Groin Pull Symptoms
A sharp pain may be experienced in your groin and inner thigh area if you are suffering from a groin pull or strain. You will feel tightness, tenderness and/or muscle spasms when you try to move your groin muscles by flexing, extending or rotating your hip or leg inward during active and resistive movements. Point tenderness in your adductor magnus or longus, gracilis, rectus femoris or iliopsoas muscles may be present, especially when the area is touched, which may radiate further down your inner thigh. If you have a chronic injury, you may feel more of a dull ache that lasts for long periods of time. This pain can happen in one area or multiple areas at one time.
You may experience stiffness and decreased range of motion (ROM) in your hip joint as a result of a pull in your groin muscles. This will make it more difficult to bend and rotate your hip and knee. To test your stiffness and ROM, sit on the floor and put the soles of your feet together. If you have tightness, pain and/or tenderness while doing this, you are likely suffering from a damaged groin muscle. You may also feel tightness in your lower abdominal, spine, hip and thigh region. This is often more prevalent on the left than right side, however it is really dependent on your injury.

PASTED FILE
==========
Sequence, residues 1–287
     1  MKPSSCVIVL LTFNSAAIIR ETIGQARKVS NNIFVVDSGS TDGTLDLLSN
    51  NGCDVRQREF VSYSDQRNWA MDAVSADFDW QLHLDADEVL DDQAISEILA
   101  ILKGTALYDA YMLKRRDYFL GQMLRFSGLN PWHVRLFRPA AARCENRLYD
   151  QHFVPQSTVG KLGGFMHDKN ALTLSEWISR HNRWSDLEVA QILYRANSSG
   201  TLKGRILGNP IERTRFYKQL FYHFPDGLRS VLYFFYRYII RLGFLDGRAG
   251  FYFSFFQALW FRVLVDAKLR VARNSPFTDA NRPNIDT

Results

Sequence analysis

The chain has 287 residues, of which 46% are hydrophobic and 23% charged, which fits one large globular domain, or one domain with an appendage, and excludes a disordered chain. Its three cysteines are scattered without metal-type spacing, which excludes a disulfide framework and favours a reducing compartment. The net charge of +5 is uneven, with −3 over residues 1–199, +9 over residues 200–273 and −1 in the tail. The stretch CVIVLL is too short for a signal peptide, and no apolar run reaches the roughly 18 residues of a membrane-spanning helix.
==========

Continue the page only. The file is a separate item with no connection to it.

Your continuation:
Swelling in your groin muscles is a result of your tissues becoming inflamed and normally occurs with a more serious groin pull. Warmth and redness may accompany swelling in severe cases.
Weakness of your groin muscles can also be experienced as a result of a groin pull. This along with your other symptoms may make it difficult for you to walk or run and can result in you walking with a limp.
Occasionally, bruising (broken blood vessels) in your groin area or over your muscles may appear a few days after your injury. This may be in one spot or can span from your groin to your knees.
A popping or snapping sensation in your hip can often be heard when your hip flexor or hip adductor muscles are tearing.